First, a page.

Thierry Breton, European Commissioner for Internal Market, told reporters that by the spring of 2024, EU manufacturers will be able to produce one million artillery shells a year and by the end of 2024 will reach a capacity of 1.3 to 1.4 million shells. Europe can keep its promise to Ukraine provided EU member states have “the political will” to prioritize ammunition for Ukraine over deliveries to the customers, he said.
Après avoir mobilisé les industriels de #défense 🇪🇺, notre capacité industrielle a déjà crû de 20 à 30%— Thierry Breton (@ThierryBreton) November 14, 2023
L’objectif d’une capacité de production UE de 1 million de munitions/an d’ici au 1er semestre 24 sera tenu
Désormais: prioriser production actuelle pour 🇺🇦 & passer contrats pic.twitter.com/vkuFK0F2ei
But Breton’s confidence in European manufacturing capacity is not shared universally. Ukrainska Pravda, Ukraine’s oldest news weekly, on Nov. 17 cited both Latvian President Edgars Rinkevics and Ukrainian Foreign Minister Dmitro Kuleba as unconvinced EU arms manufacturers could deliver as Breton hoped. Kyiv must seek alternate sources of NATO standard artillery ammo and waiting on Europe was dangerous, the magazine said.
At the same time, the EU leadership is wrangling about how many artillery shells should be made by which factory. Meanwhile, the Kremlin ordered, and the Russian military has already received by expedited rail shipment, at least one million artillery shells from North Korea, the article said.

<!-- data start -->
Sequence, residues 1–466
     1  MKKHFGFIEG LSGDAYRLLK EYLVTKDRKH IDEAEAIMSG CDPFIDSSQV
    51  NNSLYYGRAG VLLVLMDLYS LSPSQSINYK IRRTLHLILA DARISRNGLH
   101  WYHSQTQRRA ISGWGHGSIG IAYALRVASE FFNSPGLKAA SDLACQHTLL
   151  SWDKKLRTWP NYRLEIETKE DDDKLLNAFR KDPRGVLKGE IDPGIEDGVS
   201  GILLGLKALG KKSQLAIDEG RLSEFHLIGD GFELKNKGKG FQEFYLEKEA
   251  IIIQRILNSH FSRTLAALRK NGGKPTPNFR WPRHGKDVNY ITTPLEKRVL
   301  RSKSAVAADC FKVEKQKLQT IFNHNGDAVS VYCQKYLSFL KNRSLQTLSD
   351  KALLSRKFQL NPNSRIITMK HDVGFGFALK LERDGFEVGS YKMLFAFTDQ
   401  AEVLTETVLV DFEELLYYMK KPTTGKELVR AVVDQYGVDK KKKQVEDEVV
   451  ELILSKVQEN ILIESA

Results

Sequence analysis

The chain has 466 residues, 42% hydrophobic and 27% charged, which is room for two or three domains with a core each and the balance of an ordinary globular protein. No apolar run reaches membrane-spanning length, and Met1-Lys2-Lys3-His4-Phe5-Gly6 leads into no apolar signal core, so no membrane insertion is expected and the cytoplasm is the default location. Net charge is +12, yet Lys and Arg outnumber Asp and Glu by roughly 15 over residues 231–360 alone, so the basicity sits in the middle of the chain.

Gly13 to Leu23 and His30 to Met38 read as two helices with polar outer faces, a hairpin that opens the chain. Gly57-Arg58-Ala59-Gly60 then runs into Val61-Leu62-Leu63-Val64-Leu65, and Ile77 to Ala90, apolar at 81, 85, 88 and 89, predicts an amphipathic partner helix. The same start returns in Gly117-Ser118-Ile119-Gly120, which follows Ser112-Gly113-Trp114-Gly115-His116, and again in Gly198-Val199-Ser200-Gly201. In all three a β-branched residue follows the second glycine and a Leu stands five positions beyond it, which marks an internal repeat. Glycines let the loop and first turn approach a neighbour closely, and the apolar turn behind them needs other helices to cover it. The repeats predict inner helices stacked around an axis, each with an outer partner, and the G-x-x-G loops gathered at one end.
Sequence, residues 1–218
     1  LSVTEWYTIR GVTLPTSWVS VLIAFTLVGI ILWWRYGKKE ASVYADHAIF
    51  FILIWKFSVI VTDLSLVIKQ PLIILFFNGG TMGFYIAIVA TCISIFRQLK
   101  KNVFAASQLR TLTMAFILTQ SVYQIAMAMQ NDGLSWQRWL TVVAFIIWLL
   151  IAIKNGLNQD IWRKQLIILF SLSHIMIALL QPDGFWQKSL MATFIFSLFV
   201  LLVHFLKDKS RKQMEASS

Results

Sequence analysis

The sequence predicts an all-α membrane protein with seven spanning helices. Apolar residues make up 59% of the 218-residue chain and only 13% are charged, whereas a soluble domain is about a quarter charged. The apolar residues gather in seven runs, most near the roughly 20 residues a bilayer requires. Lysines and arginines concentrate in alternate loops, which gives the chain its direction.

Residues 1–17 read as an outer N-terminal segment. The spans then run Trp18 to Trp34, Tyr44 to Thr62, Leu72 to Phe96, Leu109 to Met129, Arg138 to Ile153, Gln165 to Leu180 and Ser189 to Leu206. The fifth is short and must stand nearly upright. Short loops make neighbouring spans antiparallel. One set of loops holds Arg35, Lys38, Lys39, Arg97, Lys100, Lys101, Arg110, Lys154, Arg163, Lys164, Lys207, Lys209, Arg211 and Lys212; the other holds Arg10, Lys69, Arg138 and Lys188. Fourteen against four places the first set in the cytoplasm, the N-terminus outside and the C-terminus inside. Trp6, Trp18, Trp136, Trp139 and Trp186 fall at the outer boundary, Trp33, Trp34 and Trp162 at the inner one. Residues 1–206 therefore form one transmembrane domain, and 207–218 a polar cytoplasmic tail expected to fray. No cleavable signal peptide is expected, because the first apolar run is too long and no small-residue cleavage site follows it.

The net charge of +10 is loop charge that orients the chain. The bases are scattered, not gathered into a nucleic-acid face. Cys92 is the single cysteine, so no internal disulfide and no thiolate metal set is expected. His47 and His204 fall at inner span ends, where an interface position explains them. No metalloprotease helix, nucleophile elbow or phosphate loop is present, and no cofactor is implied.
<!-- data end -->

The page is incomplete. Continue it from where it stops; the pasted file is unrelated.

US capacity to fill the European shell gap is also under question, Singh admitted, because funding for American military assistance to Ukraine has almost run out and, without further Congressional approval money for arms, deliveries to Kyiv will dry up.
“But, let me just take this as a moment, to reiterate, that we need Congress’s help,” Singh said. “We cannot do this without… Congress passing the supplemental bill which we submitted months ago, and that was in need for immediate emergency assistance, and that’s not just for Ukraine, that’s also for Israel, for the Indo-Pacific.
“And so, the only way that we can continue to support Ukraine is if Congress passes that urgent supplemental bill that we requested.”
AFP material was used in this article.